Having a silly name: help or hindrance?
I wasn’t always a Cock*. I grew up as a Starkey but as one does, I fell in love with a Cock (quite literally A. Cock, my husband’s name begins with ‘A’) and decided to get married. We spent many hours discussing what our surname should be. My poor husband had grown up teased and tormented about his name but as his brother had already changed his name and he was the only other son, he had an urge to continue the family name.
I really wanted us and any future children we had to have the same surname but was not keen on committing myself and our children to a future of ridicule. The only solution seemed to be to create new, hybrid name, but would it be Starkey-Cock or Cock-Starkey?
Deciding on a name
We sounded out both names and as my sister suggested tried announcing our names as BBC Reporters (actually she suggested musicians playing Glastonbury but being more journalistic types our ambitions lay elsewhere) and see which sounded the best (or should I say least bad). Thus we decided ‘This is Claire Cock-Starkey, reporting from the White House for BBC news’ sounded infinitely better than the unfortunately descriptive sounding ‘Claire Starkey-Cock, reporting from the White House for BBC News’.
And so it was decided, on our wedding day I signed my new name into being (but due to arcane laws my husband had to go through the kerfuffle of actually changing his name officially through deed poll). We became the only two Cock-Starkeys in the whole world (we have since added three more mini Cock-Starkeys to our clan).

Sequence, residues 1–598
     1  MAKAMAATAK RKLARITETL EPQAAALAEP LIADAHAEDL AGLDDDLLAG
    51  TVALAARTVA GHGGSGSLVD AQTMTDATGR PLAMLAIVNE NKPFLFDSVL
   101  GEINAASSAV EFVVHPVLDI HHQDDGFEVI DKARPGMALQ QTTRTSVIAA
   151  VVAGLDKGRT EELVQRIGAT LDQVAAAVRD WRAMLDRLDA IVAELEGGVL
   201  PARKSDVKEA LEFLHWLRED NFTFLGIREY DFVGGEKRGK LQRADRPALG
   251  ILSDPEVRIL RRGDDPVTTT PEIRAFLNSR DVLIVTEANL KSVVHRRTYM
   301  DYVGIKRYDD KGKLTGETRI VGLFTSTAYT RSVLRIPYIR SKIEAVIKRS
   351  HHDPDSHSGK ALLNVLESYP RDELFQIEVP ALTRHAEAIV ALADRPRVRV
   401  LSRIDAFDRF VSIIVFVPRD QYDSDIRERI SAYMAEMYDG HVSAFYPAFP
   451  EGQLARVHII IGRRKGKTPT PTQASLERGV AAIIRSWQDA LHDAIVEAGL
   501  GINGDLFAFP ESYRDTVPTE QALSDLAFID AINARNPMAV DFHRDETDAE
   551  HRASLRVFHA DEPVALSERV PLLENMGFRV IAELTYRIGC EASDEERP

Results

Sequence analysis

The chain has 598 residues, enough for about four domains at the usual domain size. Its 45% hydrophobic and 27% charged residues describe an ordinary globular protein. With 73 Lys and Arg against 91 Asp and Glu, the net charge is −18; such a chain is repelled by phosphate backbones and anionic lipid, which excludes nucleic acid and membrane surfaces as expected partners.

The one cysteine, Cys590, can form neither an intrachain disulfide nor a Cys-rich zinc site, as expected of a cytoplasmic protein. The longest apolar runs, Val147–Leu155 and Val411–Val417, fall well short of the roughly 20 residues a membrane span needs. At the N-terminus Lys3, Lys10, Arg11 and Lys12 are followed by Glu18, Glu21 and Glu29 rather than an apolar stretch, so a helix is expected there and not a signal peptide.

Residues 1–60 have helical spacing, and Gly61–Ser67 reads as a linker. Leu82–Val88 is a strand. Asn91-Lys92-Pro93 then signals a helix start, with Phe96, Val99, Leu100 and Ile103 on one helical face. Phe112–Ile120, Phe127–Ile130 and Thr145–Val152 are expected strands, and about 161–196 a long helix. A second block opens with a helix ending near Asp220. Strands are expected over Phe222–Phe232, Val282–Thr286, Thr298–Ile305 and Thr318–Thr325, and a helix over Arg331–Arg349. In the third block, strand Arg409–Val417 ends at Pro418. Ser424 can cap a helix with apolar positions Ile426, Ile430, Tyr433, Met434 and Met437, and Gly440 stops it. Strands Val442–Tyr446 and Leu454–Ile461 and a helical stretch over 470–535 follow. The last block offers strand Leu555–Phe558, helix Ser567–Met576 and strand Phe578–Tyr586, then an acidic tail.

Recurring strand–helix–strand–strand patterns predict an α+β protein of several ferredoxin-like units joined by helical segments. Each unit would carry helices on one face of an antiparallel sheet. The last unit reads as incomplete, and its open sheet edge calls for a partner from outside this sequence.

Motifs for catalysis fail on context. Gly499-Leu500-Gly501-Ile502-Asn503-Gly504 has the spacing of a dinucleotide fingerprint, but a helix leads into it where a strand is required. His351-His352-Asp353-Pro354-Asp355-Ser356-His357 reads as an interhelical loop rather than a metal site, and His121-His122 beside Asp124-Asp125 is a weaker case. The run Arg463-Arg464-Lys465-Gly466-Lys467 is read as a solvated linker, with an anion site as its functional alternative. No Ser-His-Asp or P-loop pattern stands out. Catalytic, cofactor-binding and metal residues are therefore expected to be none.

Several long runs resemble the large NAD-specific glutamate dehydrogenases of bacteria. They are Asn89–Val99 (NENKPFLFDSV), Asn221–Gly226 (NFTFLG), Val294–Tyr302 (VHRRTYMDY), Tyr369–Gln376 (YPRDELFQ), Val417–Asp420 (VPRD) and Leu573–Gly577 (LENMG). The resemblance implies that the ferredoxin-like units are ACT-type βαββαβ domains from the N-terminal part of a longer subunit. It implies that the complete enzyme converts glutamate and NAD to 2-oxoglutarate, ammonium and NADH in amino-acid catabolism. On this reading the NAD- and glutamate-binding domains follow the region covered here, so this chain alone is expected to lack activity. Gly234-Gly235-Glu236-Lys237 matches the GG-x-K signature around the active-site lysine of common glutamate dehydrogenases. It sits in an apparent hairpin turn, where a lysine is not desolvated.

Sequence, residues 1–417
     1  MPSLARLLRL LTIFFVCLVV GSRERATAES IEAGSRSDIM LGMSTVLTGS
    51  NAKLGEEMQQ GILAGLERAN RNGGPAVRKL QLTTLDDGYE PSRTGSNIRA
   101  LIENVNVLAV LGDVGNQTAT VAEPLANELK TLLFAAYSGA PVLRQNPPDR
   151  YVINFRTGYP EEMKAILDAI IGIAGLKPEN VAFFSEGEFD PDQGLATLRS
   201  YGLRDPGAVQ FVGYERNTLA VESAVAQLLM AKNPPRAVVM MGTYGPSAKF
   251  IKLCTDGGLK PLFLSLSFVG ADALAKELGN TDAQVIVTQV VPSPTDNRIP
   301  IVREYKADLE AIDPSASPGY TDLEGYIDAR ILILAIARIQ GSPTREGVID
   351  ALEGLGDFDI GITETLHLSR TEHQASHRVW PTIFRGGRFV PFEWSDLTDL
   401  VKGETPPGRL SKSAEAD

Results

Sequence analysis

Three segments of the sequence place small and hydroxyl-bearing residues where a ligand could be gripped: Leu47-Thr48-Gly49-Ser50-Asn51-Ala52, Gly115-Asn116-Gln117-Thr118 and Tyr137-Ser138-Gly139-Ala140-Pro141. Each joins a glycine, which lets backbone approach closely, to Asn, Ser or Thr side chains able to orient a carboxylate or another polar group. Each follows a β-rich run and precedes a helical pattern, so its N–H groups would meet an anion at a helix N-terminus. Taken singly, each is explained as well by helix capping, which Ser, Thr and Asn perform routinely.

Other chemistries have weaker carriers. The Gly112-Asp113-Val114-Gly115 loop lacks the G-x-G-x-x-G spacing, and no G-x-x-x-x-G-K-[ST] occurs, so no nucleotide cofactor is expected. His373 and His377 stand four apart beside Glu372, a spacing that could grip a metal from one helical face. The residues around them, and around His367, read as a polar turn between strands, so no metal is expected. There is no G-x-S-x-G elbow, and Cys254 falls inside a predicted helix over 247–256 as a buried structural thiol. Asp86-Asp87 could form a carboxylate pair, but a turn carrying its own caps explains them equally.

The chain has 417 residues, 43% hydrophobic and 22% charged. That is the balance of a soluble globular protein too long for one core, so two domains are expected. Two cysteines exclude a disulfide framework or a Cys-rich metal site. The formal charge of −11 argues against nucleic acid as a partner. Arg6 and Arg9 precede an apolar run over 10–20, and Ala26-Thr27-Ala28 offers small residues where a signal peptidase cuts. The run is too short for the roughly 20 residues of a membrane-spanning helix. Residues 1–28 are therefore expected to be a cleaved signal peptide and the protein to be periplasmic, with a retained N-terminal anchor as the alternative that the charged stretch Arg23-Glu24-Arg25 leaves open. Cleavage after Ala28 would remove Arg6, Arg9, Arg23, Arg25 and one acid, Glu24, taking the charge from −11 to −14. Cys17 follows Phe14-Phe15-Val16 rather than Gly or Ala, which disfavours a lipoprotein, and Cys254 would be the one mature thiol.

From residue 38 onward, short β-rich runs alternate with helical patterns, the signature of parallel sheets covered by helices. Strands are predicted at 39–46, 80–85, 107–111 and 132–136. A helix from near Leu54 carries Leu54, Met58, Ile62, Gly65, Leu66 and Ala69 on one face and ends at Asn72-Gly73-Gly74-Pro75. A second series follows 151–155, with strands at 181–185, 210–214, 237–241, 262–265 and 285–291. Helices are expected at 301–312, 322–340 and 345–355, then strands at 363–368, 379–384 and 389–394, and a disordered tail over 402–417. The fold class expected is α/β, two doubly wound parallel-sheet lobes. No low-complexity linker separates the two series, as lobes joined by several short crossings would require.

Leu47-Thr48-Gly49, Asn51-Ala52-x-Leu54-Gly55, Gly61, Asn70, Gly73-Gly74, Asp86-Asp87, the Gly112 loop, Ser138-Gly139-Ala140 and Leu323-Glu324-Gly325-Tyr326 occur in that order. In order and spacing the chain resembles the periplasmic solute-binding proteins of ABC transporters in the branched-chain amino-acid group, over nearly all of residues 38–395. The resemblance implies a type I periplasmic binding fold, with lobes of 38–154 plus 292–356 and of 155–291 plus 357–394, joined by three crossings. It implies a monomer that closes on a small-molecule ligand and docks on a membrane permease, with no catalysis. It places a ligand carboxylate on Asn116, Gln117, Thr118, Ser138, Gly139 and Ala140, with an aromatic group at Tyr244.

I realised early on that the key to having a silly name is to say it with confidence. People are so scared to say ‘cock’ that when calling my name at the doctors surgery or phoning to sell me insurance they frequently stutter, ‘Is that Mrs uhum *cough* Starkey?’. ‘Yes,’ I reply loudly and clearly ‘Mrs COCK-Starkey’. My husband has been known to be even bolder and state ‘Cock, as in penis’ when spelling out our name.
I had always wanted to be a writer and when I fantasised about writing a novel I began to imagine taking on a pen name, as it seemed rather romantic. But when I got married I was already working as a writer and was about to get my first credit on a book. I didn’t have time to consider if my name would be a help or a hindrance to my writing career but soon rejected the idea of a pen name. I wanted my efforts to be linked to me, the actual real me, not some mysterious invented character.
Why having a silly name is good
And so my full name now exists on nine books, it is indelibly out there in the literary universe, and so here are four reasons why having a silly name is good:
- It is memorable. Sensible, common, dare I say vanilla names are so forgettable. When you read my name you might snigger, you may even get a mental image of a cockerel (or those of a dirty mind may picture a giant phallus), you might wonder where such a name came from, but you won’t forget it.
- It is unique. When you googled my old name there were quite a few Claire Starkeys, a gymnast, a student, a business executive. But there is only one Claire Cock-Starkey and that makes it easy to be top of Google.
- Double-barrelled names make you seem posh. Tru fact.
- People won’t get you confused with anyone else. Case study: David Mitchell. I am a big fan of the Cloud Atlas writer and when I went into a bookshop to ask for his latest tome, the assistant had to ask ‘which David Mitchell, the Cloud Atlas one or the comedian?’ as both had books out at the same time.
The only bad thing I can think of about my name is the fact that it is so long. Sometimes forms aren’t long enough to fit it in, it doesn’t fit neatly on the spine of a book, and when composing a tweet or writing a short author biography it takes up half my word count.
* For those American readers who see nothing rude or funny about a cockerel, in the UK cock is an especially porny slang word for a penis.
Do you have a silly name? I would love to hear from you, so please leave a comment!